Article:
Facts of the Case
The facts of the case are that search and seizure action u/s. 132 of the Act was carried on 21.2.2007 at the business premises of some person as well as residential premises of the assessee. Statutory notices were accordingly issued and served upon the assessee. During the course of the assessment proceedings, the assessee was issued a notice u/s. 142(1) of the Act. It was found that the assessee have transferred funds from the current business of the assessee to other establishments, investment in other business avenues etc. The assessee left for the USA in November 2004. It appears that the assessee apprehending liabilities under different tax authorities shifted his base to the USA. During the process he has transferred huge amounts out of India. Since the assessee has not come forward with any explanation. The same is taxed in the hands of the assessee as undisclosed income which has been transferred out of the system.
Held by CIT(A)
The Ld. CIT(A) was convinced that the assessee has failed to discharge the presumption u/s. 132(4A) of the Act and confirmed the addition made by the AO. Also it was held that the AO have made the additions on the protective measures to protect the interest of Revenue.
Contention of the Assessee
The Ld. Counsel submitted that the entire addition has been made on the basis of notings on a loose paper which is a dumb document and nothing can be made out from it. It can’t be said that the said notings relates to the assessee’s undisclosed income when that particular paper was not found from the premises of the assessee. The loose paper was not found from the premises of the assessee and further the case of the Revenue that the assessee was in possession of the said loose paper can’t be made as the assessee was out of India when the search was made. Therefore, the presumption drawn is not according to the law. The Ld. Counsel continued to argue that though the AO can pass a protective assessment order but the Appellate authority have to confirm addition on substantive basis only.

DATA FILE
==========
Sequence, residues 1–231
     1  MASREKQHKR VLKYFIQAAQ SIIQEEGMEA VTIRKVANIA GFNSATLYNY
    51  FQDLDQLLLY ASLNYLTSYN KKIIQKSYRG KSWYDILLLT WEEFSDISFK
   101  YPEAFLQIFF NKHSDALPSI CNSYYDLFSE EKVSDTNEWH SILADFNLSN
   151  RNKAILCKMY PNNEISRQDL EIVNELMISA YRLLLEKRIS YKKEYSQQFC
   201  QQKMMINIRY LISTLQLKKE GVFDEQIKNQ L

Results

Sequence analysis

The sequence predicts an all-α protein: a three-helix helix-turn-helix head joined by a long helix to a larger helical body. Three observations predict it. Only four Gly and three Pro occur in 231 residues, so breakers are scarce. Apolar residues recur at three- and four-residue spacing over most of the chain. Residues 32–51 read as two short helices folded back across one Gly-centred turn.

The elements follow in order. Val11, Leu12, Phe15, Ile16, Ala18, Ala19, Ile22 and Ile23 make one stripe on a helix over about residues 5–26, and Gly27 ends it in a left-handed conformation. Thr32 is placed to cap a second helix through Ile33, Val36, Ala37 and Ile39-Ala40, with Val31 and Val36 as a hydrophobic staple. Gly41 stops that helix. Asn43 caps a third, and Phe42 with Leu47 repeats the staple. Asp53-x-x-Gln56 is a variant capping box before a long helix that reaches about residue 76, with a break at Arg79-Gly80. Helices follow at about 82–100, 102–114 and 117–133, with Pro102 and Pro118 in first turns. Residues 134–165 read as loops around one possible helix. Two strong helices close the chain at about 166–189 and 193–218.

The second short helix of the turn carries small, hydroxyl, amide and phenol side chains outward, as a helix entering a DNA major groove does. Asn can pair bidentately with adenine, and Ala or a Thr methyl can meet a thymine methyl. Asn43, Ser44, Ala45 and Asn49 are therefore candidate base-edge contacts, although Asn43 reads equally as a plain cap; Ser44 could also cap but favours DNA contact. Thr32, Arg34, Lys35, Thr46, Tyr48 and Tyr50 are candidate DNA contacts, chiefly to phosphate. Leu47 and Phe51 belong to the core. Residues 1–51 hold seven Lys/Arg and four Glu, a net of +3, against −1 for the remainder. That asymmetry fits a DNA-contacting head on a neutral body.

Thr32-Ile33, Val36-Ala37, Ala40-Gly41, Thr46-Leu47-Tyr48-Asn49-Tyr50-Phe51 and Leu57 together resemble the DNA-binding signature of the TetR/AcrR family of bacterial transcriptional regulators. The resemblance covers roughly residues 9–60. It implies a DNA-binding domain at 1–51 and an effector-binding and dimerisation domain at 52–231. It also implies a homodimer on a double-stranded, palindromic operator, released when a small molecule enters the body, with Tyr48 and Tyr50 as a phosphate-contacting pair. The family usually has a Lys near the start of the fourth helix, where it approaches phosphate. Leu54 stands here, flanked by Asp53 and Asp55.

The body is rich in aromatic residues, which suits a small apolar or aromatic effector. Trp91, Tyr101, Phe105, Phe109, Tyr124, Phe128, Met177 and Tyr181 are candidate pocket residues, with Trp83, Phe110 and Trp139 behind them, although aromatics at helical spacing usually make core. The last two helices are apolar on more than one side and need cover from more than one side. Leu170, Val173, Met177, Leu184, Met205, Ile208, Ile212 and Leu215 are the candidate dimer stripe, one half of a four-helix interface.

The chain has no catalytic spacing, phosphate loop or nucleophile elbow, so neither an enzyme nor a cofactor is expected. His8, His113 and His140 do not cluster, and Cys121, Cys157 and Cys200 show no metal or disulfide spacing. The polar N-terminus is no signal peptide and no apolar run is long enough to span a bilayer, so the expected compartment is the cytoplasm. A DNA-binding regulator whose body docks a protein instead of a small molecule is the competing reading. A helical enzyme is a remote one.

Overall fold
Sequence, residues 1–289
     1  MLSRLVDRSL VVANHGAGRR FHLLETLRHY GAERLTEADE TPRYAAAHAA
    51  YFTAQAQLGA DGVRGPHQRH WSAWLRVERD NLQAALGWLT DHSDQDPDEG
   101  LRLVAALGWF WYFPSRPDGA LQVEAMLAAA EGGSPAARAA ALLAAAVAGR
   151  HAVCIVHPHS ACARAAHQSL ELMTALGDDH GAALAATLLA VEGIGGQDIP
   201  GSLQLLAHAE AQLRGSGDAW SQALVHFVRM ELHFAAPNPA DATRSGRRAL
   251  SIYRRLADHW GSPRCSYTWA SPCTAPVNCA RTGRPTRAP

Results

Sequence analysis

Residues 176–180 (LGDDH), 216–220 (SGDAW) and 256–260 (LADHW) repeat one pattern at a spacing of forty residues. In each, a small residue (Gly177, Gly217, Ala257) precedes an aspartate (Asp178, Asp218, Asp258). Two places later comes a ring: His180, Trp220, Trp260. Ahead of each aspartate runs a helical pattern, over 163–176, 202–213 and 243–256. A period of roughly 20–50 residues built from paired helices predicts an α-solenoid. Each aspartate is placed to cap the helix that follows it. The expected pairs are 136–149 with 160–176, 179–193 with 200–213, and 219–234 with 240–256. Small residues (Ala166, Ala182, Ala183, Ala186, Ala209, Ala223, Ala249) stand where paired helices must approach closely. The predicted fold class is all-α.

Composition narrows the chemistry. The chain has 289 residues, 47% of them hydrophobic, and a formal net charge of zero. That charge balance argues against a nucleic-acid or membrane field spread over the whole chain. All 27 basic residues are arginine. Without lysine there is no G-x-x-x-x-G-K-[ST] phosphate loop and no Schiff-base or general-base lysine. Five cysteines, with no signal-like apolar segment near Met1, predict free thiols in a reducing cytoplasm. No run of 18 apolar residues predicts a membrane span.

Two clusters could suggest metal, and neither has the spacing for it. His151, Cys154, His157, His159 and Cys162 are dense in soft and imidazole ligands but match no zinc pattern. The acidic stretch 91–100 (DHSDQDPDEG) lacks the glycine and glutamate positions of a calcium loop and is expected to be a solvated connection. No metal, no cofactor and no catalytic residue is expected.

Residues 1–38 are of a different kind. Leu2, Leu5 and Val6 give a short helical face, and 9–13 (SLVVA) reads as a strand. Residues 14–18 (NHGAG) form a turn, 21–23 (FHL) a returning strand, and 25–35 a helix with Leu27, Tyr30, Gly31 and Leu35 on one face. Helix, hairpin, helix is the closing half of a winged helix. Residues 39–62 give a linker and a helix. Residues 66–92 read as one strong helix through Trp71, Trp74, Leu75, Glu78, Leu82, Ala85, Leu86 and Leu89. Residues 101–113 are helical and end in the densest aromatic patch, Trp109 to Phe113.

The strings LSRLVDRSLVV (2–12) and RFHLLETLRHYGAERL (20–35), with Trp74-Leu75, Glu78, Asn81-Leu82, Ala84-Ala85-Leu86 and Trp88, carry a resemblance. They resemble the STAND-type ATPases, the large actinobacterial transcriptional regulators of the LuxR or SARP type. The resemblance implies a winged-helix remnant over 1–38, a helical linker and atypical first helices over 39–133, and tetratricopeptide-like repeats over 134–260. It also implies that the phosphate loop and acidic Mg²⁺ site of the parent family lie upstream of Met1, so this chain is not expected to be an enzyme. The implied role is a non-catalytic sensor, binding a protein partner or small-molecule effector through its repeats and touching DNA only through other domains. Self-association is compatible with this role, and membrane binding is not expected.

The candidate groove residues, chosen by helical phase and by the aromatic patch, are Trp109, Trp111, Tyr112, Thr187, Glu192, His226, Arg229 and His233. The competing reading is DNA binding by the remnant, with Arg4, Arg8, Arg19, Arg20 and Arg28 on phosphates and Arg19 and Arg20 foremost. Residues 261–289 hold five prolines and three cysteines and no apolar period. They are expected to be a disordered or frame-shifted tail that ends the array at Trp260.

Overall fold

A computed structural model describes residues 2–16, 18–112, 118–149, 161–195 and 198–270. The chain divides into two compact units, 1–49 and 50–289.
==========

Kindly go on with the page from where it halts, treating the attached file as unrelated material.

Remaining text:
Contention of the Revenue
The Revenue contended that many opportunities were given to the assessee to explain his case. Also, the assessee never attended the assessment proceedings and never came forward with explanation.
Held by the Tribunal
The Hon’ble Tribunal observed that the basis for making the addition of Rs. 19.98 crores is the loose paper which doesn’t make any sense. Merely by making additions of all the figures mentioned in the loose paper would not justify the addition of Rs. 19.98 crores. The loose papers have to be substantiated by other independent evidences as well. The entire addition has been made on the presumption mentioned u/s. 132(4A) of the Act. The provisions of Sec. 132(4A) of the Act is not applicable as the paper was not found from the possession of the assessee but from the premises of the brother of the Assessee. There is no other material available other than the loose papers which could substantiate the claim of the Assessee. Also, when the search was made the Assessee was not present in India as the Assessee was out of India from 2004 to 2009 and the search took place in 2007. Further, the Hon’ble Tribunal relied on the case of CIT Vs Smt. Durgawati Singh 234 ITR 249, in which it was held that “It is also equally true that while a protective assessment is permissible, it is not open to the income-tax appellate authorities constituted under the Act to make a protective order.” In the facts of the case nowhere it has been proved by the Revenue that the substantive additions have been made as there was no documentary evidence available with them.
Accordingly, the Hon’ble Tribunal held that it was protective Assessment and there were no reasons in making any additions. Accordingly, the order of CIT(A) and AO were set aside.